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We're All in This Together: A Novella and Stories Paperback – Bargain Price, July 11, 2006


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Product Details

  • Paperback: 242 pages
  • Publisher: Bloomsbury USA (July 11, 2006)
  • Language: English
  • ISBN-10: 1582345880
  • ASIN: B000OFOIZY
  • Product Dimensions: 8.1 x 5.4 x 0.7 inches
  • Shipping Weight: 8 ounces
  • Average Customer Review: 3.9 out of 5 stars  See all reviews (49 customer reviews)
  • Amazon Best Sellers Rank: #1,628,751 in Books (See Top 100 in Books)

Editorial Reviews

From Publishers Weekly

From the 26-year-old scion of literary giant Stephen King comes a compelling, imaginative debut collection of four short stories both creepy and heartfelt, plus a compassionate novella about a 15-year-old son of a single mother. Set in Maine around the 2000 election, the title novella captures the teenage narrator's anger over his mother's impending marriage to Dr. Vic, while his family, led by a union organizer grandfather, seethes over Bush's election. George lays siege to his mother's relationship and helps his grandfather build a sniper's nest from which to attack the paperboy who defaces the old man's "Al Gore is the Real President" sign. Freaks and weirdos—external symptoms of his protagonists' inner struggles—people King's shorter stories, which strive to balance the lurid with a reach for emotional truth. In "Wonders," about a baseball player who takes his pregnant girlfriend to a Coney Island circus freak abortionist, the macabre and the heartfelt feel discordant, and the story ends with unearned violence. But in "Frozen Animals," King achieves a surreal blend of gory, vivid description of unanesthetized dental surgery layered with the drug-addicted dentist's intermittent memories of a happier past. This original collection heralds the arrival of the next generation.
Copyright © Reed Business Information, a division of Reed Elsevier Inc. All rights reserved. --This text refers to an out of print or unavailable edition of this title.

Review

"'Stupendous.' Independent" --This text refers to an alternate Paperback edition.

More About the Author

Owen King is the author of Double Feature: A Novel. His fiction and non-fiction have appeared in publications such as Fairy Tale Review, Grantland, the Los Angeles Review of Books, One Story, and Prairie Schooner. He is married to the novelist Kelly Braffet.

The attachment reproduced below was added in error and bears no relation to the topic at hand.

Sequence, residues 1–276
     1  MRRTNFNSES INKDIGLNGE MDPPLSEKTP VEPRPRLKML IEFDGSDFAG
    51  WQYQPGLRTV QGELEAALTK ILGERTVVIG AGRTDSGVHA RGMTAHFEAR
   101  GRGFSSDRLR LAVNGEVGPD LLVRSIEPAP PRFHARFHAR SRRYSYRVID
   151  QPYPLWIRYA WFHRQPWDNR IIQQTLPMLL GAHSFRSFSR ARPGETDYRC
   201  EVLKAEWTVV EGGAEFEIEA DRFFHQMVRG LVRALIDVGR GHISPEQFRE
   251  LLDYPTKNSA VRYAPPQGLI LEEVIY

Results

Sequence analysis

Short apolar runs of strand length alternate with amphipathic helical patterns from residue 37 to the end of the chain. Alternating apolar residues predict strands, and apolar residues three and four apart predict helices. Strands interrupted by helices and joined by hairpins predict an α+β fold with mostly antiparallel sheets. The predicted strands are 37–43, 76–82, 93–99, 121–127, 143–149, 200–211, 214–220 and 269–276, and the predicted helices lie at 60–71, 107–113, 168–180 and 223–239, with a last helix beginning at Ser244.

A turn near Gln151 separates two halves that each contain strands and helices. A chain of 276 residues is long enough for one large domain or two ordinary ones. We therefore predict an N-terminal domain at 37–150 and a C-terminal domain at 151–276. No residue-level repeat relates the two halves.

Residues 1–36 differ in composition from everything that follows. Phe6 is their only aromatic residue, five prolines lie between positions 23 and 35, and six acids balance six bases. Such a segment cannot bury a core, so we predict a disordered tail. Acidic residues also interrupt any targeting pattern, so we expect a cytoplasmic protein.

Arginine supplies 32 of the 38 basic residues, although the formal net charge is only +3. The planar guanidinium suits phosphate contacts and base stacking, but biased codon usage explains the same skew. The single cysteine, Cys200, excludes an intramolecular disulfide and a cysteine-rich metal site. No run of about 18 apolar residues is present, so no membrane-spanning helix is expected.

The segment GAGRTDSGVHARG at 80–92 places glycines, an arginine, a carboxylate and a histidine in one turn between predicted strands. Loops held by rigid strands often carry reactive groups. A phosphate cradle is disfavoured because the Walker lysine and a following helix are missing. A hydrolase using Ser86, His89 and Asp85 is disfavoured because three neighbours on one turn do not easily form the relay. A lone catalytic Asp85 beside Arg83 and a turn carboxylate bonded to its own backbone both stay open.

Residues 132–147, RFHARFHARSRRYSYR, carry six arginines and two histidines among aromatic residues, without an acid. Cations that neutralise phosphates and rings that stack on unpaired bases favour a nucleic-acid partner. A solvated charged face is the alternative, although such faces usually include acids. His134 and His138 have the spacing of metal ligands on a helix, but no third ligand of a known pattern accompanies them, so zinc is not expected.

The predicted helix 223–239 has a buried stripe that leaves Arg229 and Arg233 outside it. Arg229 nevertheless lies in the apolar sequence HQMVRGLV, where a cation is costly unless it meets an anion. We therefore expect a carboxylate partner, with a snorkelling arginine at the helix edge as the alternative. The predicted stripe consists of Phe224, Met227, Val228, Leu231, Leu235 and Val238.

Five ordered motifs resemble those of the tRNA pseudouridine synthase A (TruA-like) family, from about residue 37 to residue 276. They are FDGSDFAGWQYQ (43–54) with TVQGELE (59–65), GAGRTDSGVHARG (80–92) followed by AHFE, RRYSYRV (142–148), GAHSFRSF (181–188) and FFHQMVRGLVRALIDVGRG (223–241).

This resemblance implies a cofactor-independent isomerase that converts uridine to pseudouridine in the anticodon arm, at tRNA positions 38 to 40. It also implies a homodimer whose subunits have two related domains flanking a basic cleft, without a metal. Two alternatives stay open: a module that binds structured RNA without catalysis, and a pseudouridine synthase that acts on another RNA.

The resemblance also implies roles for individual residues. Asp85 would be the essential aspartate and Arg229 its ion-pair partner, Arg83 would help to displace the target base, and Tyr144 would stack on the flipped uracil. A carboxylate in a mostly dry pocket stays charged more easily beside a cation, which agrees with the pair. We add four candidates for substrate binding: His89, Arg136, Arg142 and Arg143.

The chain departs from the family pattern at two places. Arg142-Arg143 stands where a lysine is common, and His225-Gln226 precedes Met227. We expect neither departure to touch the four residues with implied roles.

Customer Reviews

The novella, "We're All In This Together," is a mostly bittersweet story.
Joshua Fowler
Owen King should be commended for his fabulous novella and short story collection, "We're All in This Together".
Anne Henry
I didn't care for the short stories as much and was slightly disappointed that they weren't as good.
Amazon Customer

Most Helpful Customer Reviews

23 of 23 people found the following review helpful By Joshua Fowler on August 23, 2005
Format: Hardcover
Owen King the son of mega-selling phenomenon Stephen King shines with this collection. His first foray into the publishing world. The writing is like a refreshened Stephen King, like the second coming. At times macabre but mostly very poignant.

The novella, "We're All In This Together," is a mostly bittersweet story. There is comedy mixed in. Mr. King captures the climate of the nation at the time period it takes place. Everyone thinks they are right. But we're all in it together and we all deal with the same problems, young or old.

"Frozen Animals" is a short strange, narrative about a dentist. I believe the title implies the chracters in this story are animals. Read the story and I think you will believe the same.

"Wonders" is a snapshot, a picture post-card of an era long gone. The thoughts and views of the characters are where the nation was at that time. Baseball seems to be a running theme with both King writers. This story is a macabre and sad semi-love story.

"Snake," a story of a young man obsessed with crime novels is kind of strange. He comes from a broken home and believes his father lies about everything. It is poignant and sort of ends abruptly.

The final story "My Second Wife" is like a bad acid trip. Very weird story of a road trip to aquire a death row inmates car. Strange, strange, strange.

All and all each narrative is crafted with surgical precision. A worthy beginning to what I hope will be a thriving career.
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13 of 13 people found the following review helpful By Jon Hunt on September 27, 2005